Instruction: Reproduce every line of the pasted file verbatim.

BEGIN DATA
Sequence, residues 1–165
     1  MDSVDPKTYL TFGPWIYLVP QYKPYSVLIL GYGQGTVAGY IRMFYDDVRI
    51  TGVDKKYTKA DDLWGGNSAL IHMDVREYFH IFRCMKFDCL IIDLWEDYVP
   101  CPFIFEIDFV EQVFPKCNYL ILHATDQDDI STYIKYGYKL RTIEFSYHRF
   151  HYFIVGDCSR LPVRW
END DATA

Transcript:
Sequence, residues 1–165
     1  MDSVDPKTYL TFGPWIYLVP QYKPYSVLIL GYGQGTVAGY IRMFYDDVRI
    51  TGVDKKYTKA DDLWGGNSAL IHMDVREYFH IFRCMKFDCL IIDLWEDYVP
   101  CPFIFEIDFV EQVFPKCNYL ILHATDQDDI STYIKYGYKL RTIEFSYHRF
   151  HYFIVGDCSR LPVRW